32 Chinese ships in shoal, bar Filipino fishersBy Dona Z. Pazzibugan
Philippine Daily Inquirer
Chinese maritime ships are denying Filipino fishermen access to their traditional fishing grounds in the lagoon of Panatag Shoal, a chain of reefs and rocks off Zambales province whose ownership is being disputed by China and the Philippines even as Chinese vessels were seen continuing to mass in Panatag, also known as Bajo de Masinloc and its international name, Scarborough Shoal—which China claims to own even if the shoal is 472 nautical miles from the nearest Chinese coast.
According to the local government of Masinloc, which is only 124 nautical miles from Panatag, the town’s fishermen have reported that Chinese government vessels had blocked their entry to the lagoon.
The military reported that the number of Chinese vessels in the Panatag Shoal has increased to 33, from 14 last week.
The Philippines has only two vessels in the area. These are the BRP Edsa II, a Coast Guard search-and-rescue vessel (SARV 002) and the MCS 3001, a vessel belonging to the Bureau of Fisheries and Aquatic Resources.
China currently has three big ships in the area. These are the Chinese Fisheries Law Enforcement Command (FLEC) 310 which is said to be its most powerful maritime ship, and the Chinese Maritime Surveillance (CMS) ships 75 and 81.
According to the military’s Northern Luzon Command (Nolcom), seven other Chinese fishing vessels and 23 utility boats have been seen inside the lagoon.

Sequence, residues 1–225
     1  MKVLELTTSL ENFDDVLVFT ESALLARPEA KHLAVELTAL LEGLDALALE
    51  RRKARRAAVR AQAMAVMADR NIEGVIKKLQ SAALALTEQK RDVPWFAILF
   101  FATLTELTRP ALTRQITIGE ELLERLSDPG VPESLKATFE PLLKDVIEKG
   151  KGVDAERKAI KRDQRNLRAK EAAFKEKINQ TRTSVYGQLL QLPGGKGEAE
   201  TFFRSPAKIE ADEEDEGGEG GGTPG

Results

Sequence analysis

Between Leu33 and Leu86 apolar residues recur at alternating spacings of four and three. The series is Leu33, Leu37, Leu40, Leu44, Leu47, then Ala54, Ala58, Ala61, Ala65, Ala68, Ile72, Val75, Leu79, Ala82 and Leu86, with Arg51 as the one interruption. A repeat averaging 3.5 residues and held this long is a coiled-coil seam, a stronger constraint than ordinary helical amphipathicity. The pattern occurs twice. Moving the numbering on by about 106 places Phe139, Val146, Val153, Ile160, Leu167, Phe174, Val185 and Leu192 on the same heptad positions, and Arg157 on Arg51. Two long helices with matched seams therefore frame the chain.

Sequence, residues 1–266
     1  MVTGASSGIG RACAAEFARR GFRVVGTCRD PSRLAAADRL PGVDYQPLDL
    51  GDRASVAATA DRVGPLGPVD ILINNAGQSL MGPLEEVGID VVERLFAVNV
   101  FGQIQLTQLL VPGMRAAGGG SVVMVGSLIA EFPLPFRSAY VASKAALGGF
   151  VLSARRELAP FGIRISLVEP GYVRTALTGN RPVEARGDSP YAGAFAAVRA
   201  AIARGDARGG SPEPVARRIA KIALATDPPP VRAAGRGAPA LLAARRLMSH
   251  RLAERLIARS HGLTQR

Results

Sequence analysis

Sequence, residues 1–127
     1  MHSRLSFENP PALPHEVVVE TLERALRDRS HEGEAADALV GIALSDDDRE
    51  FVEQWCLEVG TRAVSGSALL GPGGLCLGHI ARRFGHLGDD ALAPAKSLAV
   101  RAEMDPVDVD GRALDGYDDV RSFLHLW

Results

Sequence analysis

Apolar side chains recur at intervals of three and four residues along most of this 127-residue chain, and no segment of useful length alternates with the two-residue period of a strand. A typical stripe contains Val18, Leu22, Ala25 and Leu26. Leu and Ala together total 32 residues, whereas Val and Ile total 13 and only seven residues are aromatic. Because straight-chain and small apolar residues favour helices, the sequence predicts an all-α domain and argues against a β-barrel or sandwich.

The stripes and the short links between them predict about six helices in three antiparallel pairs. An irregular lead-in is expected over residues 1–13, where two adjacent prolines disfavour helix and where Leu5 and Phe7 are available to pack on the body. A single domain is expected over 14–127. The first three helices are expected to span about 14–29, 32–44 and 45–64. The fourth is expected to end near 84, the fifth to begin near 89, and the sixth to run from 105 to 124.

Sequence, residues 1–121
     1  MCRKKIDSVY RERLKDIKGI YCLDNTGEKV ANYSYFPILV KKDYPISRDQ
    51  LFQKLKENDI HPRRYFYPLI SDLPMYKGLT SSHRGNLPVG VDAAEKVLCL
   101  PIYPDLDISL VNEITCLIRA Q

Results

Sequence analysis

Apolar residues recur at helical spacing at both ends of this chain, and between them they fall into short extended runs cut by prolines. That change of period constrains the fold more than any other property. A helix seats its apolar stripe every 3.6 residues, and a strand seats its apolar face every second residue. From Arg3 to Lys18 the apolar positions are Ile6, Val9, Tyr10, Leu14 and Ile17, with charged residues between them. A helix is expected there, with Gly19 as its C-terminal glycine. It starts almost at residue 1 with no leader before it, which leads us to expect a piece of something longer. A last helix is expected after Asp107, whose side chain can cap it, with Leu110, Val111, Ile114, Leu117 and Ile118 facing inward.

RJ Bautista, secretary to Masinloc Mayor Desiree Edora, said the Chinese maritime ships were preventing Filipino fishermen from fishing in the lagoon.
Rich fishing grounds
The vast lagoon constitutes rich fishing grounds for Filipino fishermen who before the stand-off with China usually stayed to fish in the area for days.
“They are still prevented from going in (the lagoon). They can fish outside. But they are barred inside,” Bautista told defense reporters in a phone interview.
“We were told they were prevented by the (Chinese) Navy or Coast Guard. Our fishermen are okay with Chinese fishermen. The problem is they have gunboats there,” he said.
Bautista said the Chinese ships were positioned at the entrance to the lagoon.
“Those who want to go in are shooed away. Since they cannot understand each other, our fishermen are afraid,” he said, adding that the Chinese ships would train powerful floodlights on Filipino fishing boats.
Bautista said the fishermen were only recently allowed to return to the shoal, which the locals refer to as Karburo (after the international name Scarborough Shoal) since the stand-off began last April 10.
“That’s why their catch is not as much, unlike before,” he said.
Coast Guard helpless
The Coast Guard ship is reportedly aware of the fishermen’s plight but was not of any help.
“I think our Coast Guard was also barred from going near (the lagoon),” Bautista said, relaying reports from fishermen.
“Our fishermen are simply told not to be afraid. But at the same time they are told not to provoke so there won’t be any confrontation,” he said.
Nolcom spokesperson Capt. Aurelio Kigis said they have no information that Filipino fishermen were being barred from the lagoon, and could not comment.